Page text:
OLED technology is still evolving. For example, the brightness of each OLED degrades over time, and at a higher rate for blue than other colours. When OLED TVs first hit the market a few years ago, this degradation became noticeable after roughly 6000 screen hours, now manufacturers claim it’s closer to 100,000 screen hours (the equivalent of leaving your TV on 24 hours a day for 11.5 years).
QLED TVs, from Samsung, are a type of LED-backlit LCD TV that holds its own against OLED. The Q stands for “quantum dot”, which refers to a layer added to the screen. The dots provide the vibrant colours in a similar way to individual OLEDs. But while OLED is “emissive”, meaning the pixels emit their own light, QLED is “transmissive” (it relies on an LED backlight).
A TV’s screen resolution is a good guide to how sharp images will look on your TV. The resolution is strictly about the number of pixels on the screen (given as “width x height”). The more pixels the higher the resolution. For example: 3840x2160 is a greater resolution than 1920x1080.
Often resolutions are given abbreviations, such as HD, UHD or 4K.
A catch-all term for TVs that use the internet to deliver services and content.
A digital audio connection.
Your TV will show your content in the highest possible resolution. This is determined by two things: the source of the content and the resolution of the TV’s screen.
Content that isn’t filmed in HD won’t be shown in HD on your TV. But HD content can be “upscaled” to 4K.
A standard connection often used to connect USB hard drives for recording or playback.
Usually means a wireless internet connection or network. However, if a TV “has WiFi” we mean it has the ability to connect to a WiFi network.
Similar to Bluetooth. It establishes a direct link between 2 devices and allows them to exchange data.
TV screens aren't always supplied with a full range of cables. Talk to the retailer about the best setup for you, and get this sorted before you take delivery of the TV. Make sure you get the right cables and connectors for your needs: your DVD player/recorder, home-theatre receiver, Sky decoder, cable decoder, camcorder, and so on.
For digital cables like HDMI cables and optical audio cables, remember there is little to no difference between an expensive cable and a cheap one, so don't be pressured into buying an expensive gold-plated version.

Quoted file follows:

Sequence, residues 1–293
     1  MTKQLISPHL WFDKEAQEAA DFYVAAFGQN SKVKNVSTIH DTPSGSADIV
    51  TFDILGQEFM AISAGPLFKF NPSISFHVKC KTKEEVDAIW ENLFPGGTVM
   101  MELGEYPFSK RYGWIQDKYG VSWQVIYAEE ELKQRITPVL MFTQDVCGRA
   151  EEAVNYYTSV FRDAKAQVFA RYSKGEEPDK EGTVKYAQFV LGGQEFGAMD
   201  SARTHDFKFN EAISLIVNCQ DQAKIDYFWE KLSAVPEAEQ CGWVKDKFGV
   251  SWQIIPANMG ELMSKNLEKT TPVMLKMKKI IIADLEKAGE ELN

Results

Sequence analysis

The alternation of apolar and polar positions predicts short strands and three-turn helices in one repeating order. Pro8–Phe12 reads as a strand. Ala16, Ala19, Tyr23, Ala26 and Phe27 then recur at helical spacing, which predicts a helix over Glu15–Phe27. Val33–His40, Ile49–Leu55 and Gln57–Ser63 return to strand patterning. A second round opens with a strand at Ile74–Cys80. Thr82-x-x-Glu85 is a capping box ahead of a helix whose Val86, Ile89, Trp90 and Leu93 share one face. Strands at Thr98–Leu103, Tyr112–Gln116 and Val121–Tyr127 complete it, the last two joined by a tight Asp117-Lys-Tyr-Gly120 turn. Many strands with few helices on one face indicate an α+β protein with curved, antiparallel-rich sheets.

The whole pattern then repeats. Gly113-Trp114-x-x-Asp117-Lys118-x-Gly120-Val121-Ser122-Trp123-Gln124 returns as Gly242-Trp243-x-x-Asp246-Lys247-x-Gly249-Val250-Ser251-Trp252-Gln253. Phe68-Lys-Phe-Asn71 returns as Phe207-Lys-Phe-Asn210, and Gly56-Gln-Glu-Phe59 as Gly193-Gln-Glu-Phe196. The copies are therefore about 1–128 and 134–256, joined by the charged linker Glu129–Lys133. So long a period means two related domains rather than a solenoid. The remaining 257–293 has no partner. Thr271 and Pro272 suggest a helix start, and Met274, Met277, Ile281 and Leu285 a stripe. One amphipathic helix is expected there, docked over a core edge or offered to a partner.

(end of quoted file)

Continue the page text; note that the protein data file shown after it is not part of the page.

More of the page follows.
Camcorder users should look for easily accessed front or side connections. That means you won't have to fumble around at the back (or even worse, un-mount the screen from the wall) to plug in.
If the connection challenge is too much for you, ask how much it would cost to have the television installed.
Ask about the cost of a wall mount (if that's where you want your screen). And think about where all those cables will go! To make it all look clean and tidy, the cables may have to be put inside your walls – usually at further cost. You'll need an electrician to fit an electrical outlet behind the screen and to install inside the wall all the other connections.
All the technological advances in the world of TVs have yet to defeat the sun. Glare on a screen is still a major problem – even the new curved screens suffer from glare – so be aware of this when choosing where to put your TV.
We think WiFi should be standard on TVs now. Why’s that? Because in the next few years you’ll be using the internet increasingly on your TV. More importantly, you’ll be using your home WiFi network to connect your portable devices (phones, tablets and whatever) to your TV so you can share content between them.
A good example of this is the YouTube app, available on almost every “smart TV” system. Once it’s set up you can easily “flick” videos you find on your phone to the TV. Perfect for showing your friends that cute cat video you loved.
If you’re going to use streaming services on your Smart TV, check the app will work on your TV.